This is the fifth in a year-long series we call "What's It Like?" giving readers a first-hand look at some interesting activities in the region.
My career as a firefighter has not been particularly impressive.
It is full of episodes like this: One night, I accidentally caught my oven mitt on fire on the stove. I tried to put it out by running outside and stomping on it with my garden gnome. Then I ran back inside and dunked it under the faucet.
This is not exactly standard procedure, so a trip to the State Fire School run by Bowling Green State University definitely was in order.
I had the opportunity to attend a morning of training in Waterville earlier this month, where nearly 30 firefighters gathered for a fire tactics class.
They set up shop just off the Anthony Wayne Trail, where a city-owned farm house was donated to be set aflame over and over again - more than 20 times a day on average.
The point was to remind firefighters what it's like to feel the searing heat of a real fire and make their way through the dense, smoky haze of a burning building. That's something they may not get very often on the job, especially in smaller towns, with the number of fires going down nationally - over 20 percent between 1995 and 2004.
Before I could tackle a fire, though, I had to suit up.
This required quite a bit of effort, starting with a pair of heavy boots and thick fire-resistant pants with fluorescent yellow trim. By the time I was fully dressed, complete with a 30-minute air tank, I didn't have an inch of skin exposed. I also was weighed down by more than 60 pounds of gear.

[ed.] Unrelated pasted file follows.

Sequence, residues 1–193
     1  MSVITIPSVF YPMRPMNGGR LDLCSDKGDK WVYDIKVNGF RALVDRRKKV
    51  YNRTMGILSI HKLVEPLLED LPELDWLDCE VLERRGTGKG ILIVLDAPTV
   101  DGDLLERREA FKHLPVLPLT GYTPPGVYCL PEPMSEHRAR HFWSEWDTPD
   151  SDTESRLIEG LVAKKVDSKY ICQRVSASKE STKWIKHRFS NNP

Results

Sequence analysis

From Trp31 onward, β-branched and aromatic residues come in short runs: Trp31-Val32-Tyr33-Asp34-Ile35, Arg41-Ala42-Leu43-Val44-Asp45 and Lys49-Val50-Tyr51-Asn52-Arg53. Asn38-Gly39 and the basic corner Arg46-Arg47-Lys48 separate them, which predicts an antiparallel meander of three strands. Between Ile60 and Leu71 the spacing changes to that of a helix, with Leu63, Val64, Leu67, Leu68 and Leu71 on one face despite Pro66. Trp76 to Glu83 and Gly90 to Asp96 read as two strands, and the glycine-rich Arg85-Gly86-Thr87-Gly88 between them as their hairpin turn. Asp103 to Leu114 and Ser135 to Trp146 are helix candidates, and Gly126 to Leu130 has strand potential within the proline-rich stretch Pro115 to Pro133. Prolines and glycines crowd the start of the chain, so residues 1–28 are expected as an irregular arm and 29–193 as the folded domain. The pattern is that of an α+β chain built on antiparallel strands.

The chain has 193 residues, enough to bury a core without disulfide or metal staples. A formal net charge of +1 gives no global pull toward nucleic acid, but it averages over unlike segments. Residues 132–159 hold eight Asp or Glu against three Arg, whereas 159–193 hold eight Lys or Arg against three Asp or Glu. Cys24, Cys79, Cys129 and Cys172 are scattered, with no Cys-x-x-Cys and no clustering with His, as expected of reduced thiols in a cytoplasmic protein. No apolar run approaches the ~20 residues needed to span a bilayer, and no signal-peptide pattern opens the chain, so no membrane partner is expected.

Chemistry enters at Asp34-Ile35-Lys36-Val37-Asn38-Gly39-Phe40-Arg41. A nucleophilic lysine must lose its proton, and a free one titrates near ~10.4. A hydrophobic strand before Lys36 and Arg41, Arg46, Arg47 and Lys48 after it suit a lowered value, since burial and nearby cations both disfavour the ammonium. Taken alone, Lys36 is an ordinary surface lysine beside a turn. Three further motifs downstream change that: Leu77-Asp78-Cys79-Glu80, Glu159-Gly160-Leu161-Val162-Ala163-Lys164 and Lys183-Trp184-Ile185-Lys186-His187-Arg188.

It took me several minutes to do all of this. Toledo firefighters, starting with their pants and jacket on, have to be able to do it in 45 seconds, lead instructor Jamie Ferguson said.
Walking around was a lumbering, deliberate undertaking, sort of what it must feel like to be an astronaut on the moon. (This impression was only strengthened when I put on my face mask and breathed like Darth Vader.)
Accompanied by Mr. Ferguson, an eight-year veteran of the Toledo Fire Department, we entered the building to watch a team tackle a fire.
Using wooden pallets and piles of straw for fuel, the fire grew until it licked the ceiling, rippling across it in little flickering waves. It was hot and smoky and bright, but by no means overwhelming. I was protected by my fire gear and breathing easy - though a bit more rapidly than usual - thanks to my mask.
We were seated as I observed this with wide eyes, and I could see fairly well (though I was without my eyeglasses, which were incompatible with the face mask).
When we stood, however, everything disappeared in the smoke. The blazing inferno, just a few feet in front of me, was invisible from this higher vantage point. I cleared my mask with my glove and still saw ... nothing.
This explained why the firefighters who soon appeared at the doorway were crawling on their knees, not running to the rescue as I imagined they would.
Mr. Ferguson and I retreated, keeping a hand on the wall so as to not get lost in the smoke, as the team doused the flames with water and then left.